Dendritic cells (DCs) provide the critical nexus between antigenic assault and initiating adaptive immunity. DCs are well known for their antigen presentation capabilities, but when it comes to the classification of DC subtypes, the differences in function, morphology, and expression of a limited number of known surface markers provided useful but limited distinctions. In this study by Villani et al., single-cell RNA-sequencing (scRNA-seq) was used to broadly quantify gene expression patterns and to categorize flow-sorted DCs in an unbiased way; 742 DCs, which were CD14-, LIN- (excluding T cells, B cells, and NK cells), and HLA-DR+ were sampled with an average of 5326 unique genes detected per cell.
Six DC subtypes were identified and validated using the scRNA-seq strategy, broadening the original classification of just four DC subtypes. Previously defined “conventional” cDC1 (CD141+) DCs are now more discriminatively defined as CLEC9A+ DCs and the original cDC2 (CD1C+) class, split into two subpopulations. CD1C+_A is distinguished phenotypically by a higher expression of MHC class II genes, and functionally by secretion of higher levels of immune regulatory cytokines. CD1C+_B is distinguished by a CD14+ monocyte-like, expressed gene set. Both subpopulations potently induce T cell proliferation. Additionally, a new DC subset was identified, expressing AXL, SIGLEC1, and SIGLEC6 antigens, named AS DCs. AS DCs share a similar gene expression signature with plasmacytoid DCs (pDCs), but are functionally and morphologically distinct. AS DCs appear to have been buried in the original pDC population, and the identification of new surface markers allows the “pure” pDCs to be separated from the AS DCs. Functionally, AS DCs potently stimulate T cells and upregulate CD86, while pure pDCs produce IFN-α and do not stimulate T cells. Furthermore, a circulating and dividing precursor of cDCs capable of giving rise to both CLEC9A+ DCs and CD1C+ DCs was identified and defined by the expression of CD100+ CD34int.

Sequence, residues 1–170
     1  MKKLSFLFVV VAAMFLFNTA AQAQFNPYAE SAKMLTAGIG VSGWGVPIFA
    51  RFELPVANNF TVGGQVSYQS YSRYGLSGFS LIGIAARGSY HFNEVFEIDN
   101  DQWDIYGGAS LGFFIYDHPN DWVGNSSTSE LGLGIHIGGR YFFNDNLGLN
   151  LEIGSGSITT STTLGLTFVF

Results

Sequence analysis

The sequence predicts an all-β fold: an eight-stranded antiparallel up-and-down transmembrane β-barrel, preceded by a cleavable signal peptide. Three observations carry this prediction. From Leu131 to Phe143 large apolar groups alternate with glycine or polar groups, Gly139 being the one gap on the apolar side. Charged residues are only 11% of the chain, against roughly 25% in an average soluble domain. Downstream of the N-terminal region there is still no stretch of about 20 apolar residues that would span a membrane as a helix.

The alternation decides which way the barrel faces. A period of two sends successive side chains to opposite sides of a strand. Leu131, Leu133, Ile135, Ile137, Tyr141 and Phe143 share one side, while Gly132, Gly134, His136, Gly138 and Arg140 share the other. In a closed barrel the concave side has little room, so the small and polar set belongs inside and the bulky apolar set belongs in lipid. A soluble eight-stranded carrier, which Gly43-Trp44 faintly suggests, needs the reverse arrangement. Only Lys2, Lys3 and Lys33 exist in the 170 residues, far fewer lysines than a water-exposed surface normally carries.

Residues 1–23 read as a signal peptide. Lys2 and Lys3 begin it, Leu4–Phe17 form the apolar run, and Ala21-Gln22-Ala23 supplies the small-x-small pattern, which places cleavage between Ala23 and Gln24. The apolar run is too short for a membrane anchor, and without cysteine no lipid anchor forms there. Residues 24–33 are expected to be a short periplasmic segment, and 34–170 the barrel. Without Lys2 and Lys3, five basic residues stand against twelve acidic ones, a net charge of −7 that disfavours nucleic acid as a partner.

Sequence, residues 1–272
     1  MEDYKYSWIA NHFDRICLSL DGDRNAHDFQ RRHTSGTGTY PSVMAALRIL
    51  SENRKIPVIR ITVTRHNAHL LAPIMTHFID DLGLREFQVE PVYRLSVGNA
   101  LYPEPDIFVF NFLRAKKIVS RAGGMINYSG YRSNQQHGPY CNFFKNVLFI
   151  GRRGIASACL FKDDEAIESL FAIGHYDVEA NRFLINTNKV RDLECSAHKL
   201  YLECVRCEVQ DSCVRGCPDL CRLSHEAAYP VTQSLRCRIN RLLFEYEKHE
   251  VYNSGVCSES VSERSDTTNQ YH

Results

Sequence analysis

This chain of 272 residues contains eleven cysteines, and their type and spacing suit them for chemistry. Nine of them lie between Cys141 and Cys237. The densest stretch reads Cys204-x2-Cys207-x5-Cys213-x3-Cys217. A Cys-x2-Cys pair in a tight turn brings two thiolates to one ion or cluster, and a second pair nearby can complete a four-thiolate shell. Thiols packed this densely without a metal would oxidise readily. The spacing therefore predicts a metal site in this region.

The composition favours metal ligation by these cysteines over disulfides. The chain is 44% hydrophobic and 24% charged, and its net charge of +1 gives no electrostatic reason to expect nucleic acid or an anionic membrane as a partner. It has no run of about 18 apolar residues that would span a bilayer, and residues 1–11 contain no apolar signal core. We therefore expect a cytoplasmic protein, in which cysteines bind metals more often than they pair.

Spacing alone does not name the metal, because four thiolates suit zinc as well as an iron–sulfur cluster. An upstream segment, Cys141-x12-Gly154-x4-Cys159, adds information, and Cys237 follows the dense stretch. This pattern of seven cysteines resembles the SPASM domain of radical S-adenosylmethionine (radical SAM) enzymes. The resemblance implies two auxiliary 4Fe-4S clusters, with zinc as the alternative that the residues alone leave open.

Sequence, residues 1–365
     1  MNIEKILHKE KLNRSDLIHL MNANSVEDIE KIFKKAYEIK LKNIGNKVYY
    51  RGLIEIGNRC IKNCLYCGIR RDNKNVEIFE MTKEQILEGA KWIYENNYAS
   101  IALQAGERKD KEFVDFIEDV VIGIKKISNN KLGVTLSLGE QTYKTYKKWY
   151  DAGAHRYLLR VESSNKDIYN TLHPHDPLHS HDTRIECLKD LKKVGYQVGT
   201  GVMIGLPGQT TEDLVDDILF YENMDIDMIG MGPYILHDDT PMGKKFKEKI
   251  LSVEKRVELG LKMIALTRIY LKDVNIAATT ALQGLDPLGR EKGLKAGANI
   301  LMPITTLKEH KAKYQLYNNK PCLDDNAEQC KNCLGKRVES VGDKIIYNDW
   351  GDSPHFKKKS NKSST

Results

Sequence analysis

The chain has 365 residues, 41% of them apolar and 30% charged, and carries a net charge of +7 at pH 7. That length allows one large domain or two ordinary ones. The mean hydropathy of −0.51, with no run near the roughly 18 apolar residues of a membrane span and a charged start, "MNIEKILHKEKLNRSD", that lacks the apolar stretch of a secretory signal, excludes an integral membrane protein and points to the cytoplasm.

Using a similar approach, four clusters of CD14+ LIN- monocytes were distinguished from 339 cells. In addition to the previously defined monocyte subsets, Mono1 (CD14+) and Mono2 (CD16+), two additional monocyte populations, Mono3 and Mono4, were identified. Mono3 expresses a unique combination of genes affecting the cell cycle, differentiation, and trafficking, but its exact functions remain unknown. Mono4 expressed cytotoxic genes in addition to the classical Mono1 gene set.
Accurate classification of DCs with more specific surface markers and improved tools for precise isolation could make DC (or other) vaccines more effective, allowing certain cells with specific functions to be effectively isolated and/or targeted. This improved approach to taxonomy, enabled by single-cell RNA-sequencing, can be extended to other immune and non-immune cell populations.
by Dominique Stavis